George Henry Shirk (May 1, 1913 – March 23, 1977) was a lawyer, historian, and former Mayor of Oklahoma City, Oklahoma. In addition to being an author on several subjects related to the history of Oklahoma, he was known as a civic leader and proponent of various municipal development projects within central Oklahoma.
Early life and military experience
George Shirk was born in Oklahoma City, Oklahoma on May 1, 1913, son of John Henry Shirk and Carrie (Hinderer) Shirk. Having earned an LL.B. degree from the University of Oklahoma (OU) Law School, George Shirk passed the Oklahoma bar exam in 1936 and entered practice at his father's Oklahoma City law firm of Shirk and Danner. While attending OU he enrolled in Reserve Officers Training Corps (ROTC) and eventually saw active duty in a field artillery command in the European theater of World War II. He attained the rank of colonel in the U.S. Army in 1945.
Professional career and amateur historian
After service in World War II, Shirk practiced law in Oklahoma City, in partnership with lawyers W.R. Withington and James E. Work – first in the law firm of Withington, Shirk, Nichols & Work, and later with the firm of Shirk, Withington, Work & Robinson.
Lucrative financial settlements in his legal profession allowed Shirk to pursue his passion, namely writing and publishing on unique topics in Oklahoma history. In 1949, he worked on the committee that selected sites to be designated as historical markers within the state, and wrote the text for many of these markers. Shirk also wrote and published 29 articles for the Oklahoma Historical Society (OHS) from 1948–1977, focusing mostly on Oklahoma-related Civil War history and philately/postal service history. He also wrote extensively for The American Philatelist.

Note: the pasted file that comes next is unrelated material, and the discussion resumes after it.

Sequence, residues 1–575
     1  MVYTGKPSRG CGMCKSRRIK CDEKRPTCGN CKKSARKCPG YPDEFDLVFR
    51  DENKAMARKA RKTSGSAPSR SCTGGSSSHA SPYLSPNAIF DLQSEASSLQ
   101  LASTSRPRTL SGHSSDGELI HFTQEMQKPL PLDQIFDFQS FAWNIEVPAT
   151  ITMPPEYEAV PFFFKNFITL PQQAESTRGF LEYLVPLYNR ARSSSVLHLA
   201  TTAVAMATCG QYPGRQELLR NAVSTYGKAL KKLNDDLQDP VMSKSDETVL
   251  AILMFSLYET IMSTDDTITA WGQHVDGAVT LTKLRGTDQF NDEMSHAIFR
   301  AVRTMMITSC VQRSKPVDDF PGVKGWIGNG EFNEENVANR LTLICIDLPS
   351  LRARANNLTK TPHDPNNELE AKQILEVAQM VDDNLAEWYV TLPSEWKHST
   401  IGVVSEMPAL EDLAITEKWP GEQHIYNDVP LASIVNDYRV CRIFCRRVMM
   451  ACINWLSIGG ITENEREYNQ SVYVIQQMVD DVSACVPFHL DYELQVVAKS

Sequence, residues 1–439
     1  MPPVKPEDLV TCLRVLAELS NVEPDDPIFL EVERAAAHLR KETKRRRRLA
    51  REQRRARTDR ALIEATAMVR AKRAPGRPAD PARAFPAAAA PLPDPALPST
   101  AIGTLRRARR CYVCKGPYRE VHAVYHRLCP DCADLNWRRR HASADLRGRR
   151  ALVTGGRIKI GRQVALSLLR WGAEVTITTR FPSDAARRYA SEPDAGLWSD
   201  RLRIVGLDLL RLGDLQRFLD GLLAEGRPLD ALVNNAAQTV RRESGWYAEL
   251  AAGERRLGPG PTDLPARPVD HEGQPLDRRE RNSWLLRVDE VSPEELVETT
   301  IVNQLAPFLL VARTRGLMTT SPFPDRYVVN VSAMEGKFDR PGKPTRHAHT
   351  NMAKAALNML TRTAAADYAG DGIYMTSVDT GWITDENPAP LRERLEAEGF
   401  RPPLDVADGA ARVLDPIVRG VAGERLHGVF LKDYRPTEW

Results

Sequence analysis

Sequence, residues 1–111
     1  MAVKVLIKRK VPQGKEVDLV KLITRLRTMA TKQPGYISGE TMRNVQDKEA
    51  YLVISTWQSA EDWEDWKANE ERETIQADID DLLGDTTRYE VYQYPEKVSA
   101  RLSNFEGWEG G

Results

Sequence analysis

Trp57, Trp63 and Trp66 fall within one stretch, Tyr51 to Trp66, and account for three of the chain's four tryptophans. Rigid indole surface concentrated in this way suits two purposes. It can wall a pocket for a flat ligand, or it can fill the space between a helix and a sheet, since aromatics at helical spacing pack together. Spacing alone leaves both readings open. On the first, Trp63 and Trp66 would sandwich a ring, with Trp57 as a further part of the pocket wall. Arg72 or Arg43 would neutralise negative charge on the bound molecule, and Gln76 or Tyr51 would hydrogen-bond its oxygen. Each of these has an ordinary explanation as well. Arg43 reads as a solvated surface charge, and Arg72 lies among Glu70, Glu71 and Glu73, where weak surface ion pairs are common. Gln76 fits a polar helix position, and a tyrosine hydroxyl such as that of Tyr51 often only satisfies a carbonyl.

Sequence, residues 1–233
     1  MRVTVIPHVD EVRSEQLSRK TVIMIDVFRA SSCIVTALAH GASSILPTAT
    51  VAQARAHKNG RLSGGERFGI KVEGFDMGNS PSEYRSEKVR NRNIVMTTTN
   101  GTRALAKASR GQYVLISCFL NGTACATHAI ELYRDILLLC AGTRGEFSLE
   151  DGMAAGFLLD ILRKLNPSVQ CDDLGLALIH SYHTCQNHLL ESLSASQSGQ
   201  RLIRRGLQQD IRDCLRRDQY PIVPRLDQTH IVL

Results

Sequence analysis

Shirk became administratively involved with the OHS, serving as President of its board of directors from 1958 to 1975. During this tenure he was successful in obtaining matching grants for the OHS after being appointed as State Historical Preservation Officer. For his efforts, Shirk earned the nickname "Mr. Oklahoma History."
Civic leadership and mayoral tenure
In 1953, Shirk joined the Committee of 100, a group of concerned citizens who advocated changes in the Oklahoma City charter. The next year, he joined the City Safety Council, which advocated better police and fire protection. He was then asked to join the Committee of 19, a group searching for a solution to the water needs of Oklahoma City. In this capacity, Shirk was a proponent of the public works project which connected Oklahoma City's water supply to Lake Atoka Reservoir in southeastern Oklahoma via Lake Stanley Draper.
Shirk was appointed acting Mayor of Oklahoma City on June 16, 1964 to complete the remainder of the term of Jack S. Wilkes. Shirk was then elected to a two-year term in his own right in April 1965. In addition to completing the Lake Atoka project that he advocated in the 1950s, Shirk also obtained the adoption of a comprehensive downtown re-development plan envisioned by architect I.M. Pei in September 1965. The Pei Plan included the construction of the Myriad Botanical Gardens and the creation of parking structures in downtown Oklahoma City, at the expense of the demolition of a significant amount of older buildings in the downtown area.
In 1969, Shirk and three other persons lead a small expedition to explore a section of catacombs associated with an old Chinese-American neighborhood in downtown Oklahoma City, located underneath the construction site of the Myriad Convention Center which was a part of Shirk's downtown redevelopment plan.
Awards and recognition
On November 14, 1976, the George H. Shirk Oklahoma History Center at Oklahoma City University was dedicated. The center houses his collection of rare books, stamps, and maps. Before his death on March 23, 1977, Shirk was inducted into the Oklahoma Hall of Fame in 1969. He was also inducted into the Oklahoma Historians Hall of Fame. He is buried in Rose Hill Cemetery in Oklahoma City.